“As you know I haven’t been a fan from the get go,” Mehr said, though he did give a thumbs up to what he said was the council at least making sure it was taking a careful look at the language creating the PID before approving it. “I suspect it was going to go forward. I just want to make sure it’s done right for the people of Ivins.” 

Such public funding has been used before in neighboring cities like St. George and Washington City, but it is new to Ivins. 

Resident Mike Scott speaks before the Ivins City Council during the council’s meeting at Ivins City Hall on July 15, 2021. Ivins, Utah | Photo by Chris Reed, St. George News

The resort on Snow Canyon Parkway is being built at the city line with St. George next to the Entrada Resort that was built by the same developer, Enlaw LLC. The Black Desert project has as its focal point 150 hotel rooms and up to 302 condominium units built around a 19-hole golf course designed in part by professional golfer Tom Weiskopf. Along with that will be a “culinary plaza” with restaurants that are planned to also cater to locals as well as a nature center and trails. 

The developer has requested financial help from the city to help create an underground parking garage that would create more space for the restaurant plaza and gathering area. 

According to a report by the city’s public works department, the golf course on the property is now 50% complete with some final grading taking place for a few of the holes and the driving range. 

During the public comment session, one resident, Mike Scott, spoke, voicing concerns.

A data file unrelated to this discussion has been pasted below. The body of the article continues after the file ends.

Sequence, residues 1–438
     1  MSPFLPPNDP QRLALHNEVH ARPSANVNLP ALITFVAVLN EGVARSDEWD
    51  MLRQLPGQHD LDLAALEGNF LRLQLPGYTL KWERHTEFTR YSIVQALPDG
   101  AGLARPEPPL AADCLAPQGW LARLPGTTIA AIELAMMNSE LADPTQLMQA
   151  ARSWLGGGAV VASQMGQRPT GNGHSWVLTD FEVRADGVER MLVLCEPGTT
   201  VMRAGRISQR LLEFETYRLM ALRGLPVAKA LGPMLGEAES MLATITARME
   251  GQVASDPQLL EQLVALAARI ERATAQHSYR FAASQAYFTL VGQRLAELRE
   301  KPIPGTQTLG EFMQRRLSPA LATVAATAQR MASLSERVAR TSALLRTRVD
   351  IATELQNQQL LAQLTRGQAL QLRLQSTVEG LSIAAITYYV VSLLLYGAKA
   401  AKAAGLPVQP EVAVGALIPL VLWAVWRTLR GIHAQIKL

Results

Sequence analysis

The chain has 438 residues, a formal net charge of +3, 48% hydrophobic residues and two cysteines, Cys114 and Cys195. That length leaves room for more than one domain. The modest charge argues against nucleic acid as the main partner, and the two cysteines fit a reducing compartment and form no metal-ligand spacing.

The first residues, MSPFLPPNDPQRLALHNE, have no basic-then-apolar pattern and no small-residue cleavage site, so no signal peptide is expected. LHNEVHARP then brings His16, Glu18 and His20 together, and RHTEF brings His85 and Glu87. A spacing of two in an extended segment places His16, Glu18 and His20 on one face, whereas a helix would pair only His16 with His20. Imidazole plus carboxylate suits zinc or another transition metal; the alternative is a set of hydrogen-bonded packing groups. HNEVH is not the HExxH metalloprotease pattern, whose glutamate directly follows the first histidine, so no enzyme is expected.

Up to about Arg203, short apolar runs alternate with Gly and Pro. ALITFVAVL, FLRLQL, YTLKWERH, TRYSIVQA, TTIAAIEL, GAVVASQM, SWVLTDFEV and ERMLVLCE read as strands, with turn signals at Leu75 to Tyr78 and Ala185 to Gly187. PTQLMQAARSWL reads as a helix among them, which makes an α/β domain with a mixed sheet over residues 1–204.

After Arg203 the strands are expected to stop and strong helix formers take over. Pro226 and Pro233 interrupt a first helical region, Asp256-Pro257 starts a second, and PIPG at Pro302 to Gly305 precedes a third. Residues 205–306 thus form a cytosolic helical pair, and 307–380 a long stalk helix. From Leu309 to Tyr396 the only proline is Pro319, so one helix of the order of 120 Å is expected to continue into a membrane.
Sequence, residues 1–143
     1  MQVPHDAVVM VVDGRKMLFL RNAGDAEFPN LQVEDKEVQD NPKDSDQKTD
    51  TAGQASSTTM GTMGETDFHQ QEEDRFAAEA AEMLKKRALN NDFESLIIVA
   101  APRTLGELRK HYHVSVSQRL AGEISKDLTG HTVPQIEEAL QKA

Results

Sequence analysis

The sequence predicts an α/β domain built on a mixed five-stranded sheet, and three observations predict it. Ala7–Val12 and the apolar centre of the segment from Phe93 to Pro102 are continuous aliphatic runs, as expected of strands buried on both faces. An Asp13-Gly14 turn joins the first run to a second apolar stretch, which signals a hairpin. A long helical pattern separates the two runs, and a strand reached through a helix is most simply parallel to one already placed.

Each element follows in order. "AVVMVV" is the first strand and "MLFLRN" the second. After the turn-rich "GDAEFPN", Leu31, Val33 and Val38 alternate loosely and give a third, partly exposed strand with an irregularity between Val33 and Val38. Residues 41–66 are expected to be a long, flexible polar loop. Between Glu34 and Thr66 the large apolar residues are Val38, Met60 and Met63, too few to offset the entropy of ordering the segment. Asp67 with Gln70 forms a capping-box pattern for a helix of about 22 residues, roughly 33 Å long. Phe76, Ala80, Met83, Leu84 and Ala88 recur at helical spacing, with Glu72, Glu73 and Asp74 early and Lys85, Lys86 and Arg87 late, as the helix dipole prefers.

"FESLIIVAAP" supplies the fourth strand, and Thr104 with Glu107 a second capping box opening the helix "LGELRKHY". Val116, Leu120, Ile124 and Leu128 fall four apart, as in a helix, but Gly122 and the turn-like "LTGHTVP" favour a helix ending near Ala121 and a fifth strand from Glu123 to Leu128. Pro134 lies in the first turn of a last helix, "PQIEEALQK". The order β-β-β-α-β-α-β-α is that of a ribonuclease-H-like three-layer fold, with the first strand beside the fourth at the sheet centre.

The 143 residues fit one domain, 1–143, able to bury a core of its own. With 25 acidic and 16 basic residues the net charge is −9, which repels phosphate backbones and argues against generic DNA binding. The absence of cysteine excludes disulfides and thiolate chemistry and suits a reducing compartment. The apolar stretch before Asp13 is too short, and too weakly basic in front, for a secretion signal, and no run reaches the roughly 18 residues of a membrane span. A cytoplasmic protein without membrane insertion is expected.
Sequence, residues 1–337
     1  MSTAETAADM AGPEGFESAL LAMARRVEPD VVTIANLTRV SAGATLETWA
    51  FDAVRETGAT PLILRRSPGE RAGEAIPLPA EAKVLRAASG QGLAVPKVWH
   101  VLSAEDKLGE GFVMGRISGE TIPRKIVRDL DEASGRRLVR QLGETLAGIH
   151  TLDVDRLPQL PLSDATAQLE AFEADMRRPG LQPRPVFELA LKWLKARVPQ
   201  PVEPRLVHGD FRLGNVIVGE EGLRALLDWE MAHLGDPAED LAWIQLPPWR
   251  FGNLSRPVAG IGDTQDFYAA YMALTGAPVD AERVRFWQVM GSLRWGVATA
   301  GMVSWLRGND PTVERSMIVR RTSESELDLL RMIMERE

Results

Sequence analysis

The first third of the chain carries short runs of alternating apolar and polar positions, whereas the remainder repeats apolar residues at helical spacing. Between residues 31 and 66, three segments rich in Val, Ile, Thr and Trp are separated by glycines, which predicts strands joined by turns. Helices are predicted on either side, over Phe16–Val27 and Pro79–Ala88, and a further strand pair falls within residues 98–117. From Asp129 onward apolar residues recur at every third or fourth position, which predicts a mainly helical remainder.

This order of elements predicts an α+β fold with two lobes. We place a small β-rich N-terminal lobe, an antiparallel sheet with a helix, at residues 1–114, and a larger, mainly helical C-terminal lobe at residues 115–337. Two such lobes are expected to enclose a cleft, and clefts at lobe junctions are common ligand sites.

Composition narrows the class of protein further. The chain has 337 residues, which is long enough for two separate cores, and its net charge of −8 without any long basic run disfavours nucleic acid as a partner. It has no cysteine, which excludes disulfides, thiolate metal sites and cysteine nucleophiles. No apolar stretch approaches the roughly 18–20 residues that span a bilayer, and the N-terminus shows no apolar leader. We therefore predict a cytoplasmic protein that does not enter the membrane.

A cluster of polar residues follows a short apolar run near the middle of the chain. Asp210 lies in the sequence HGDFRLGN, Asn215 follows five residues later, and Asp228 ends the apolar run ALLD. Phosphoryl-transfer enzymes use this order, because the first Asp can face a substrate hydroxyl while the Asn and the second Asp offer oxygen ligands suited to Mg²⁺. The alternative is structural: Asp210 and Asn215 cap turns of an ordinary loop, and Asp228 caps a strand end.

“I’m concerned about the PID because of the potential risks for homeowners,” Scott, who has filed to be a candidate for the council in this year’s election, said. He added that PIDs are usually reserved for poorer areas in need of development. “If this was a blighted area, it might be worth taking risks but it isn’t.”

A civics lesson

The meeting proved to be a civics lesson in how government functions, as council members seemingly went line by line over three agenda items to resolve differences over language and make compromises. While on the surface, four votes on the agenda seemed like less than usual, the meeting started at 5:30 p.m. and lasted until 9:45 p.m.

Ivins City Council member Cheyne McDonald during the council’s meeting at Ivins City Hall on July 15, 2021. Ivins, Utah | Photo by Chris Reed, St. George News

Along with approving the PID for the Black Desert Resort, the council spent an hour finishing the final language of a new lighting ordinance that has been discussed in the last eight meetings dating back to March 18. 

The council also approved a change to city code that will now allow for homes on no more than a half-acre to have a garage take up to 60% of the total footprint and 55% of the front of a home in the city. 

The debate ranging from how much the percentages should be, what the garages look like to the size of the garage doors took up an hour-and-a-half of the meeting, leaving some in the council chamber grumbling over the long process and the mayor singing “A Miracle of Miracles” from “Fiddler on the Roof” at the end when a compromise was made between council members.

McDonald noticed the grumbling, but with a smile on his face exclaimed how much he loved the process.

“It’s not always getting our own ways. There’s a process to it and it works,” McDonald said. “Sometimes people have very strong positions and it’s still about compromising and balancing.”

Copyright St. George News, SaintGeorgeUtah.com LLC, 2021, all rights reserved.